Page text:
A forest, overgrown, small trails lead into it. Nothing can be seen from the outside. If you follow the paths around curves and branches through the dense bushes, small clearings open up. The “double tree limp houses” stand on them. They already existed before the Corona crisis, small huts built to hide, to play and also just to build. Fathers and mothers stack branches together to build these little huts for their children. But in times of the pandemic, the number increases exponentially. Playgrounds, schools and day-care centers were closed, leaving only the loneliness of the forest.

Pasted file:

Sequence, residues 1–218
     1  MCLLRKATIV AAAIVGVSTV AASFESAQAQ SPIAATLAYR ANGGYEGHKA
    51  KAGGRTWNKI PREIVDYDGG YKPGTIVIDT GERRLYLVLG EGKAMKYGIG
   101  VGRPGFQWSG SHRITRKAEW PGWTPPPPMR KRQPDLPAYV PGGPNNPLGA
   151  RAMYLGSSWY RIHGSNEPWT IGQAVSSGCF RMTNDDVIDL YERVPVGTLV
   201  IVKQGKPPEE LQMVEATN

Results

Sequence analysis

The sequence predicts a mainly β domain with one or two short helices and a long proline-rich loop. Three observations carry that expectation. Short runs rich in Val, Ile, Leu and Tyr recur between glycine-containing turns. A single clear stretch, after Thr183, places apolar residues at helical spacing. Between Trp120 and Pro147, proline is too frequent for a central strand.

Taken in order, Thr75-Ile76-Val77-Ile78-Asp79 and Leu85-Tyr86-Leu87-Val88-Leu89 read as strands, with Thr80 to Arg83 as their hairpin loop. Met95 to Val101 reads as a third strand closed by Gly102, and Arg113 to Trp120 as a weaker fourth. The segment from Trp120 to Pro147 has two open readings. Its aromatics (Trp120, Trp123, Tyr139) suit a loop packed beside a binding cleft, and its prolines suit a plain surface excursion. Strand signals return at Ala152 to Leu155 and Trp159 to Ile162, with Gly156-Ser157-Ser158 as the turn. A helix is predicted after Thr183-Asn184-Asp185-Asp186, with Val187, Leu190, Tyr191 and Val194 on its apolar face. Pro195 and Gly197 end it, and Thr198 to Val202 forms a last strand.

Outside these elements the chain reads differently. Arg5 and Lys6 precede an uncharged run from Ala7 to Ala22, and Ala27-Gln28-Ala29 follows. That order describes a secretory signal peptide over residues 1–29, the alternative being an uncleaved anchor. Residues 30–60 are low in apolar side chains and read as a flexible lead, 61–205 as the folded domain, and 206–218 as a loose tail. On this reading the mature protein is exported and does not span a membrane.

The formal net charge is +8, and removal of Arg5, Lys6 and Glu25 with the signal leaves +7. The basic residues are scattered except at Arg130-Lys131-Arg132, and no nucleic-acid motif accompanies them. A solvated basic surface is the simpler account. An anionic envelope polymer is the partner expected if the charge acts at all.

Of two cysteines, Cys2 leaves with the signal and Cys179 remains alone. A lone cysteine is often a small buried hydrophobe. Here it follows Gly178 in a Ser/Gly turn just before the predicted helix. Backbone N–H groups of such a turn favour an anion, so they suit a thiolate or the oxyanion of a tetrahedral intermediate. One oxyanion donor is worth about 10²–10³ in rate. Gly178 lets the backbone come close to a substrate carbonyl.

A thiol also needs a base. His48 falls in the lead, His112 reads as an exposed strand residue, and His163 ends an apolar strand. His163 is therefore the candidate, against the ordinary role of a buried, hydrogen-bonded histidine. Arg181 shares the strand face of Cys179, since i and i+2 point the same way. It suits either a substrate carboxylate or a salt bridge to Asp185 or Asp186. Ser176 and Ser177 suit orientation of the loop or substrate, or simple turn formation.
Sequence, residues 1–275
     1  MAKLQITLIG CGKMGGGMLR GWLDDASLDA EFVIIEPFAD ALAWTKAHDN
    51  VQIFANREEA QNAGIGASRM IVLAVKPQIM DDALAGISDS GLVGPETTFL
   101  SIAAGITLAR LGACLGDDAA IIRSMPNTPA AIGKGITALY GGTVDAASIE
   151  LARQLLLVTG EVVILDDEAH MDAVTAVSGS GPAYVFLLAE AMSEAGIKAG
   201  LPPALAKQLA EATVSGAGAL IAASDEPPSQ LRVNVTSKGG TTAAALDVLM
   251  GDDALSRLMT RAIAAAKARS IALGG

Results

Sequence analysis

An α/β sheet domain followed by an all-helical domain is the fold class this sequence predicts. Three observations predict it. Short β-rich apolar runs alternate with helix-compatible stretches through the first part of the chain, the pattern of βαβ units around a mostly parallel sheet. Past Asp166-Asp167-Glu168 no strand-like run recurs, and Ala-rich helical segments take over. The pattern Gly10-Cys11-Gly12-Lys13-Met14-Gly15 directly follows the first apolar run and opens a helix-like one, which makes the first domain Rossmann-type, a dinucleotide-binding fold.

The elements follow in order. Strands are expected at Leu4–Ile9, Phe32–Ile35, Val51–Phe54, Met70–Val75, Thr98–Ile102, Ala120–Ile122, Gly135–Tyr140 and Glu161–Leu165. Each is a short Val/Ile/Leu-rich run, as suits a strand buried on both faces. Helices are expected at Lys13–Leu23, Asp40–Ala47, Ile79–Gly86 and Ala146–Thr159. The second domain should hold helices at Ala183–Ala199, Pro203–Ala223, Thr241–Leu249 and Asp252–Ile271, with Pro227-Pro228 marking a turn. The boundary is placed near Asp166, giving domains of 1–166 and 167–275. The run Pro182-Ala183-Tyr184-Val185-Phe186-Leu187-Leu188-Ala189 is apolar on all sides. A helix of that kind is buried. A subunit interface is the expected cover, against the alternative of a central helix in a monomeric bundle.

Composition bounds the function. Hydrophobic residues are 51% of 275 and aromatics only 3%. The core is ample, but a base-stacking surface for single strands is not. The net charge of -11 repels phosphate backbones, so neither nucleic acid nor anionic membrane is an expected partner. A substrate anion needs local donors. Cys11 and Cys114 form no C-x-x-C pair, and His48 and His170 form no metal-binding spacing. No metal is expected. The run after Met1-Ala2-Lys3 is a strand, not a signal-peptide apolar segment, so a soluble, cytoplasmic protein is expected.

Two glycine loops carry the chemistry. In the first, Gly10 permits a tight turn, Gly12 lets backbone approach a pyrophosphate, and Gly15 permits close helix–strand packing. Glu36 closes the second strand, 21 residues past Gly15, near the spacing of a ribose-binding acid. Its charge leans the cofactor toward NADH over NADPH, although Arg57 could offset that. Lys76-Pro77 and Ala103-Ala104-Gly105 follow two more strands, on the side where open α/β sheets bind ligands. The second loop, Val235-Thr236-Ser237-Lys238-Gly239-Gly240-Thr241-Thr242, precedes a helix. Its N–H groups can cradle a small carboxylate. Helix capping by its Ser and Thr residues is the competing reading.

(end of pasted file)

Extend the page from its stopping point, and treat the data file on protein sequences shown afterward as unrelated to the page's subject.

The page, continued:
On the weekends it seems to chatter from every bush. Dolls and teddies move in, a cold mud soup bubbles in metal pots. An apparently free home is being built in the forest. But there is also a dark side to the “double tree limp houses”. During the night, other residents move in, men live in these little houses, homeless people and seekers take possession of the huts until dawn. The “double tree limp houses” stand for different needs, different interpretations of home and home, and the search for them, day and night.